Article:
I’ve started this post at least five different times in the last few weeks. And each time, before I get a chance to finish it, it’s all out of date and I scrap the whole thing. We’ve been back in Dublin for almost two months and are now settled into our new home. Michael started a new dream job, Maya started preschool last week, and Noah now has a wonderful nanny who comes to watch him three mornings a week so that I can work. Finally, we are getting back to a reality I can survive, because the last few months have been the hardest parenting/living I can remember doing.
A move, in isolation, probably wouldn’t have been quite so taxing. But a move that included a month with one set of grandparents, then another month in the other grandparents’ house without the actual grandparents definitely added to the transition. The first month involved two weeks in Maine with my parents but without Michael – and Noah basically wouldn’t leave my hip. I don’t think I went to the bathroom by myself for two weeks. And then the second month involved staying in Michael’s parents’ house (and trying to keep Maya from getting into her grandma’s craft supply every nap time) while gutting our new house. I watched kids and Michael helped with the work on the house, and in between we tried to make very fast decisions about what actually we wanted in the house. When we finally wrangled both kids into bed at night, I’d write until midnight. Needless to say, 6 hours of sleep or less a night for that long left me feeling fairly depleted. Maya, bless her heart, has turned into a tricky sleeper as a toddler and the stress of the move coupled with sleeping in a new spot and changing time zones led to night terrors that we’re only now recovering from. When she sleeps through the night, we’re still surprised and relieved. Noah, meanwhile, sleeps like a champ for 11 hours each night, but still isn’t willing to go into anyone else’s arms without a fuss. It’s a function of his personality (the first thing he did when I met him at 18 hours old was cling to my finger and not let go) and not having anyone around for the first 10 months of his life.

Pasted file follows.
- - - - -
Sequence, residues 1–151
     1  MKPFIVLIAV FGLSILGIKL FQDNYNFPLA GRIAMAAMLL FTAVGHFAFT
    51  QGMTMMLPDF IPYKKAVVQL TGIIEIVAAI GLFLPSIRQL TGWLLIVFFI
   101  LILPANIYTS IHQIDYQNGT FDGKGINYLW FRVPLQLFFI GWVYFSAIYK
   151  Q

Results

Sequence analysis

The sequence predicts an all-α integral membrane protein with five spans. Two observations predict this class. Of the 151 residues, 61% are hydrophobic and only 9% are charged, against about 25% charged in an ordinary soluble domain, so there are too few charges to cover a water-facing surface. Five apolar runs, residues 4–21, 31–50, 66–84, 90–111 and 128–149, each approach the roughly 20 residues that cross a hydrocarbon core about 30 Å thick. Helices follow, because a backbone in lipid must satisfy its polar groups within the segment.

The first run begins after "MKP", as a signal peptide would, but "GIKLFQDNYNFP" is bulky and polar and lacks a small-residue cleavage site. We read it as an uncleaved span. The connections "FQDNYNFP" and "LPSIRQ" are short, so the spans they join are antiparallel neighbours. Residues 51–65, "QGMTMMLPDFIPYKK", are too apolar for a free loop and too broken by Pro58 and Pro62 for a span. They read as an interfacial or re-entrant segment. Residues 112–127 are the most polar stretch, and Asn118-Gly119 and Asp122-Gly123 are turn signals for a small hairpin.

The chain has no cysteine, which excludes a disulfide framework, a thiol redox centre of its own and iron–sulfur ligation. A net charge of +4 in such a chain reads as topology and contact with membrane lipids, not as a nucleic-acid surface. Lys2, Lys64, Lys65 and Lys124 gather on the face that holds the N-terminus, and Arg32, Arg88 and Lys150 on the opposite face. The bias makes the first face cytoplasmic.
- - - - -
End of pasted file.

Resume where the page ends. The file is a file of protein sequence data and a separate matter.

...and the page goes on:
All that to say, we’re not going to sign up for any more international moves with babies and toddlers anytime soon! We are thrilled with our house, and I can’t wait to properly share it with you. Every morning we say we can’t believe how lucky we were that we bought when we did (in 2015, before we moved to Houston) and every evening we say we can’t believe this is our life. When we left Houston, all we were focused on was getting to Ireland. We didn’t think much beyond stepping off the plane and beginning the next phase of our lives together as a family. Welp, that was silly. Not unusual for me, because I don’t always think ahead in these big change situations, but silly. We should have thought about and prepared ourselves for how big a transition it was going to be for all of us. The kids rocked the jet lag so well in just a few days, but that was the easy part. New routines and places and nothing being familiar has been tricky. Not having our friends and our bagel place and our parks has been hard for Maya and for me. She asks about her Houston home still, and she doesn’t quite understand why all the houses look the same! I miss my friends, and the light, and regularly driving by places where the biggest events of our lives happened.
But we’re getting there, and in a few months hopefully all will feel a bit more peaceful. We’re going to paint our front door a pinky-peach colour so Maya knows which house is ours among a sea of same-looking buildings. We’ve found a new morning routine that often involves “baby-baccinos” from our new favorite coffee shop in Howth, and we’re working hard to make sure we talk about Houston and our life there and remember the amazing memories we can still enjoy from afar.
There are first birthday photos and first day of preschool photos and a whole lot of beach adventuring photos I’m excited to share next week. Thanks for bearing with us in this wild adventure, and for coming back to read after yet another long break.